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Anchor rand view: Foreign selling weakens the rand

Figure 1: Rand vs US dollar

Source: Anchor

On Tuesday morning (9 March), the rand was trading at around R15.50/US$1, which is significantly weaker than when we published the previous Anchor rand view, dated 24 February 2021. The theme in markets currently is that US 10-year bond yields need to be higher, and the crowded trade is hedge funds short-selling bonds. While this trade has stopped for now, because it is becoming difficult to find bonds to borrow for the purpose of short selling, we nevertheless believe that higher US growth rates, the possibility of higher inflation, and funding requirement for the recent US stimulus package might keep bonds at around current levels for a while. Bonds are now trading at levels similar to where they were before the COVID-19 crisis started and we think that this is close to the long-term, fair yield on bonds.

Higher US bond yields have also sparked a frenzy of selling emerging market (EM) assets. The rand has felt the weakening pressure, however, the local unit has not been one of the worst hit EM currencies with the Brazilian real, the Russian ruble, and the Turkish lira faring far worse. Since Valentine’s Day (14 February), foreigners have sold c. R45bn of South African (SA) bonds. This is equal to about 70% of the total selling we saw last year, when the rand shot up to R19.36/US$1 and local bonds were trading at 13% yields in a dysfunctional market. However, this time around the market has functioned effectively and these movements in yields and in the currency have been more orderly.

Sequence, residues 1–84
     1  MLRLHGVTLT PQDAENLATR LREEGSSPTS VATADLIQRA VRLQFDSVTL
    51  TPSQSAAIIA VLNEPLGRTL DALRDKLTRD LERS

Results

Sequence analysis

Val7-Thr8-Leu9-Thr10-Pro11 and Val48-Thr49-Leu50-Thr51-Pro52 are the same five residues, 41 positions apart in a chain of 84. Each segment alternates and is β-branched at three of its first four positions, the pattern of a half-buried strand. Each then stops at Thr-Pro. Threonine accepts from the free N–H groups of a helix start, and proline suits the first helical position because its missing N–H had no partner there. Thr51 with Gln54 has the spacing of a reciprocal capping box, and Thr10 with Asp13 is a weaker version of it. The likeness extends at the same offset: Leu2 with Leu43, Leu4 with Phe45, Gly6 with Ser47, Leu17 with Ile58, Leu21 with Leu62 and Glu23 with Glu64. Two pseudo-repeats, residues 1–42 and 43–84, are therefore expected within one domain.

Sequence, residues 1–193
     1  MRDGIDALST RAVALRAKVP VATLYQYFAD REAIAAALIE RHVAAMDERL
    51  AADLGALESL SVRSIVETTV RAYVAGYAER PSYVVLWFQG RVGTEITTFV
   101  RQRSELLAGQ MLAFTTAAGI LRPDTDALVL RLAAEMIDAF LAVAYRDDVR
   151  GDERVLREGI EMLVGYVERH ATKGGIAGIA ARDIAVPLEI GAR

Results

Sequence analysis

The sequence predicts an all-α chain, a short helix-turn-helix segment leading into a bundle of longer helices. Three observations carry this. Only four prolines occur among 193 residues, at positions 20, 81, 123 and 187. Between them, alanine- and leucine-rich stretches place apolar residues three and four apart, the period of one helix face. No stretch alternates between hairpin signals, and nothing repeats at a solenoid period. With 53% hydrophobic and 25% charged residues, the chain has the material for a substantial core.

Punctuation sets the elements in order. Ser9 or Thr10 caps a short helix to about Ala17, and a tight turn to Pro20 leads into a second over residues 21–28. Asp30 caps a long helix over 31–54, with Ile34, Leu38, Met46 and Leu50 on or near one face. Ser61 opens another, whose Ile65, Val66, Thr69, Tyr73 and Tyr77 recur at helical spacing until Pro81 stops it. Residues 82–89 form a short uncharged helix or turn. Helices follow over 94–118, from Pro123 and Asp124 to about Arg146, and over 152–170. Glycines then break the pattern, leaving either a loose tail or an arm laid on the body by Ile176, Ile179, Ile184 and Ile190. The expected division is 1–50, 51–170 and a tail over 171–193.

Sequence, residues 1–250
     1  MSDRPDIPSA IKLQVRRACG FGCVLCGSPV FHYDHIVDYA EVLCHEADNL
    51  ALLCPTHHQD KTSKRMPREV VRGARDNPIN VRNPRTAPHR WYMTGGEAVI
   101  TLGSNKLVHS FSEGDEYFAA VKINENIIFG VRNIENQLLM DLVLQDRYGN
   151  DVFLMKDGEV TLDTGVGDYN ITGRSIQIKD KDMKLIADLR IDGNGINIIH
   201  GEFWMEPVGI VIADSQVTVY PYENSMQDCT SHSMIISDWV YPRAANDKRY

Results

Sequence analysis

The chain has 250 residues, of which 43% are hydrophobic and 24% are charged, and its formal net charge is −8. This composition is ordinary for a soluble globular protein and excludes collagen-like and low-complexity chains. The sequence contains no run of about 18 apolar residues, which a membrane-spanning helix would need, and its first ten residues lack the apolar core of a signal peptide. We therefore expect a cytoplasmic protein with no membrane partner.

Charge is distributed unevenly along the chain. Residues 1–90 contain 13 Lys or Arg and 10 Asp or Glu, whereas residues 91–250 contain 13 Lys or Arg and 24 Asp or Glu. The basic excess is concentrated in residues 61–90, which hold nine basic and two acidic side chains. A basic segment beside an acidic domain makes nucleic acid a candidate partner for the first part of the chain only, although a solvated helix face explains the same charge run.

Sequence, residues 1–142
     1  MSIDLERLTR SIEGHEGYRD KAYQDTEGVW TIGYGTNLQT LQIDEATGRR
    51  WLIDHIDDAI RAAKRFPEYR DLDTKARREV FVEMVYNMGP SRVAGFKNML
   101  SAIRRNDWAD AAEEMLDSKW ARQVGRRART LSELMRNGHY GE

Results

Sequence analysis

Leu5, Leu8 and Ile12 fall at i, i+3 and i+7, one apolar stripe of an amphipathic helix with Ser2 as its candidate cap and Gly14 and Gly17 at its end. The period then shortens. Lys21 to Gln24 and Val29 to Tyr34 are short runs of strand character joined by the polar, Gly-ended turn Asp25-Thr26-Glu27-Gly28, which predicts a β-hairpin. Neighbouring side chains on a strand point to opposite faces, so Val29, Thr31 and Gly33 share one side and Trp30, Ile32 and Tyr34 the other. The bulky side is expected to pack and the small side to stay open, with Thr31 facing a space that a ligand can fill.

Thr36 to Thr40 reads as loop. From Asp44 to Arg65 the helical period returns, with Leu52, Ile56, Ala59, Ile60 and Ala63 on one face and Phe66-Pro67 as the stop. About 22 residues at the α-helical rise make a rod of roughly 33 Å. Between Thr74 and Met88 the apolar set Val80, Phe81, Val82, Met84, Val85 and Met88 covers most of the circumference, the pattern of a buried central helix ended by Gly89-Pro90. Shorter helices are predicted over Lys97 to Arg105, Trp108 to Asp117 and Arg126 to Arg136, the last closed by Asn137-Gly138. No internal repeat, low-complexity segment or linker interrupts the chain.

Against our metrics, we view SA bonds and the rand as being oversold, and we think that they offer good value at present. Last year, we were vocal about the prospects for the rand and bonds recovering. This time around we again expect a recovery, albeit of a smaller magnitude. We are hesitant to call the top, or the bottom, of a market, but we are suggesting patience for those clients looking to buy US dollars. Similarly, while our income funds have been negative for the last while, we advocate patience, while these funds continue to generate income and, in our view, they should recover at some point.

Looking to the domestic front, proposed changes to pension fund regulations have been published. There are no prescribed assets and we think that the proposed allowance for investing in infrastructure projects is a little too high and that limiting the allowance to government projects only is counterproductive. Nevertheless, we do see the draft pension fund regulations in a positive light. SA savers have been fretting about the risk of prescribed assets and fearing the worst. This draft does nothing nefarious and, instead, should calm those fears. SA continues to manage itself along orthodox lines and we should view this in a positive light.

Looking at the rand, it has pushed just above our fair range of R14.50-R15.00 vs the US dollar. We can see this in Figure 1 and Figure 2. Still, we continue to believe that our fair range will hold, and we see scope for the rand to recover as global bond yield movements calm down. We remain neutral on the local currency, even though the shorter-term risks now appear to be towards slight strength. We are maintaining our current currency positions in the portfolios, while we have been seeing higher yields as an opportunity to buy short-dated SA bonds.

Figure 2: Actual rand/$ vs rand PPP model

Source: Bloomberg, Anchor



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